Dealing with Entitlement in a Family Business


By: Professor Enrique M. Soriano III


In business, there is always a possibility that family members who join the company may not always become an asset. Issues may arise if they are favored and entitled due to their blood ties to the pillars of the business.


But who is really accountable for the behavior of favored family-member employees?
Most of the time, the founder-parent-business owners play a part in fostering entitled family members given the following reasons:



  1. The natural instinct of parents or founders of businesses is to “shelter” their children from the hardships that they endured during the company’s startup years.

  2. Absentee parents, who concentrate on their businesses during their children’s formative years tend to make up for lost time by showering their children with material wealth.

  3. Nine out of ten business owners make the mistake of repeatedly assuring their children that “someday this business that I built will be yours” or “everything I do and own will eventually be passed on to you” .

  4. Bringing in children into the company without any work experience will lead to them emulating the autocratic style of his or her visionary parent.


When business owners commit any of the situation mentioned, we can naturally expect the twin evils (entitlement and “owner mentality”) to manifest when the children crosses over from being family members to family member-employees.


Everyday, the business owner will continue to struggle, hold on to the business out of fear, resist initiating a succession plan and try to understand why their children do not display the work ethic or exhibit the same commitment to the company as they do.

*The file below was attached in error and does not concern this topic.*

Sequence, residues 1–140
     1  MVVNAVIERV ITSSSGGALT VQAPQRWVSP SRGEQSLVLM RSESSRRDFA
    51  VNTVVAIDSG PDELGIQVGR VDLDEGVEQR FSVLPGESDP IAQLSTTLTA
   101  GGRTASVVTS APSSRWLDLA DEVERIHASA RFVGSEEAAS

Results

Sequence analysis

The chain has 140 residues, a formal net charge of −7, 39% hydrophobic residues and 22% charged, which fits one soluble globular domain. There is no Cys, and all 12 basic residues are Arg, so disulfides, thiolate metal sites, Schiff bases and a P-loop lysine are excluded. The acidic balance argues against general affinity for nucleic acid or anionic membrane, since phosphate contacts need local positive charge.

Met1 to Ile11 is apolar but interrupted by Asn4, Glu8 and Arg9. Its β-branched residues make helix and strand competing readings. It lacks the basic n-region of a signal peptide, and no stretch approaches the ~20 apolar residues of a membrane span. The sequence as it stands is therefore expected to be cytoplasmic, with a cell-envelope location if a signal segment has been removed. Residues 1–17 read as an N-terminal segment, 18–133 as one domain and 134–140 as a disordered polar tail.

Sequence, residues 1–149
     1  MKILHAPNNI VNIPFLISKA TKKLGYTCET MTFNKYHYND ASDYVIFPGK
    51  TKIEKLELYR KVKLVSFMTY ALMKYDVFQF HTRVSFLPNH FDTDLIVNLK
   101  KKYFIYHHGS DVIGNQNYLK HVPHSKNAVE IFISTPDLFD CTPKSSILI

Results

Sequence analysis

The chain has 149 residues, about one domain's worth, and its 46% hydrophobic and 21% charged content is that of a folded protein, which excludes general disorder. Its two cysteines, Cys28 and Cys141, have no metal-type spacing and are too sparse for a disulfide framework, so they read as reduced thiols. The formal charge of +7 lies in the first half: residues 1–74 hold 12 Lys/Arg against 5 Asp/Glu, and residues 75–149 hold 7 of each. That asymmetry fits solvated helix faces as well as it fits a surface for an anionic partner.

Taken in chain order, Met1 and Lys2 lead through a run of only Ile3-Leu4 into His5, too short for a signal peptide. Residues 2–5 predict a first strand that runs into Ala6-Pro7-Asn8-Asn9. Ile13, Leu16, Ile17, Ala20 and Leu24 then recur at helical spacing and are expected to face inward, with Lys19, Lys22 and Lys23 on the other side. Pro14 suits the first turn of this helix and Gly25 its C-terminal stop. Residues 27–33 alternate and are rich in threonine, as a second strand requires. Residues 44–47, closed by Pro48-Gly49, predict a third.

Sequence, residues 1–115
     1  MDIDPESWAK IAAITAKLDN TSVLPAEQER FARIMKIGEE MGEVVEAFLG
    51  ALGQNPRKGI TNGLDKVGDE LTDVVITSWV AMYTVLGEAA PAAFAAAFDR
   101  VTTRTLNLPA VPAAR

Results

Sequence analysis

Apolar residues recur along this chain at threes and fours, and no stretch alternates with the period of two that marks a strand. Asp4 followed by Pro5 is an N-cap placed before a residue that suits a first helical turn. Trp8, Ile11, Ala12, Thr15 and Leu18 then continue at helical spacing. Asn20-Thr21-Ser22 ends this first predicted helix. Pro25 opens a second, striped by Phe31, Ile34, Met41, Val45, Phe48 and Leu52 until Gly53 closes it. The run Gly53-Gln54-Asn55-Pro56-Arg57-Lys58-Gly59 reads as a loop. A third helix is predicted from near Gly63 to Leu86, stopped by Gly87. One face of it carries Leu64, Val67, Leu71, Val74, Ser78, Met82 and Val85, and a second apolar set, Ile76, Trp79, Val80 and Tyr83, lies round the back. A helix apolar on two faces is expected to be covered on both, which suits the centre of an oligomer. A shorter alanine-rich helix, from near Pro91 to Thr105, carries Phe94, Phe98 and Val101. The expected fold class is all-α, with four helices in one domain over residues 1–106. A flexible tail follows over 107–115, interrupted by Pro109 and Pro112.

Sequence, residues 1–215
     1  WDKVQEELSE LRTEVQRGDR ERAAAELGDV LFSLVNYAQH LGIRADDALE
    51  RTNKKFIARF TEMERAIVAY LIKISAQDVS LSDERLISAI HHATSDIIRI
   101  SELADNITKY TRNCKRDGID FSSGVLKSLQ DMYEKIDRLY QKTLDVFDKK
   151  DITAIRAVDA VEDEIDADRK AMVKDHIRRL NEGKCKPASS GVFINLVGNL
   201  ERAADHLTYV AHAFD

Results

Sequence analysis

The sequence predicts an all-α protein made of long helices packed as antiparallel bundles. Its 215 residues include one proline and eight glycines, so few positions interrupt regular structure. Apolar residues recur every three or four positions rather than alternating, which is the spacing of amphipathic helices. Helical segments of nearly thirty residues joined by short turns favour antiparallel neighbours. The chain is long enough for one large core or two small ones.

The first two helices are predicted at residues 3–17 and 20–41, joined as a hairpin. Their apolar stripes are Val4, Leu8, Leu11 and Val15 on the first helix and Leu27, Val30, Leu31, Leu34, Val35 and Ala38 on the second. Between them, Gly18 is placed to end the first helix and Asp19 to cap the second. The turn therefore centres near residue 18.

When entitled family members are kept in the business, the following issues may arise and consequently, compromise the company’s operations and success.

  1. The entitled family member employee may not bring any value to the business, preventing it from moving forward.

  2. The entitled family member employee may cause divisiveness. Causing non-family employees to have little or no respect for family member-employees whose only claim to fame and passport to employment is his or her last name.




How to Deal with Entitlement

Can business owners address the sense of entitlement among their family members?


It is possible but it entails firm leadership from the company’s patriarch/matriarch or senior generation leaders.  They need to set a strong commitment to strictly adhere to corporate governance to be followed by everyone including the next generation family members. This will enable the business to maintain professionalism and allow it to prosper.


Initiating governance and best practices will lead to the removal of the sense of entitlement. One effective way to impose accountability is to create a family charter/constitution, which will clearly outline how and when a family member will progress within the business.


It should also establish a solid family code of conduct that outlines policies addressing predictable problems that are currently happening in the company and/or may likely occur in the future.


In the end, next generation family member-employees must understand and realize that their way into and through the business should always be based on merit and never through their birthright. (


(Prof. Soriano is an ASEAN family business advisor, book author, executive director of ASEAN-based consulting group, Wong + Bernstein Advisory, and former chair of the marketing cluster of the Ateneo Graduate School of Business.)
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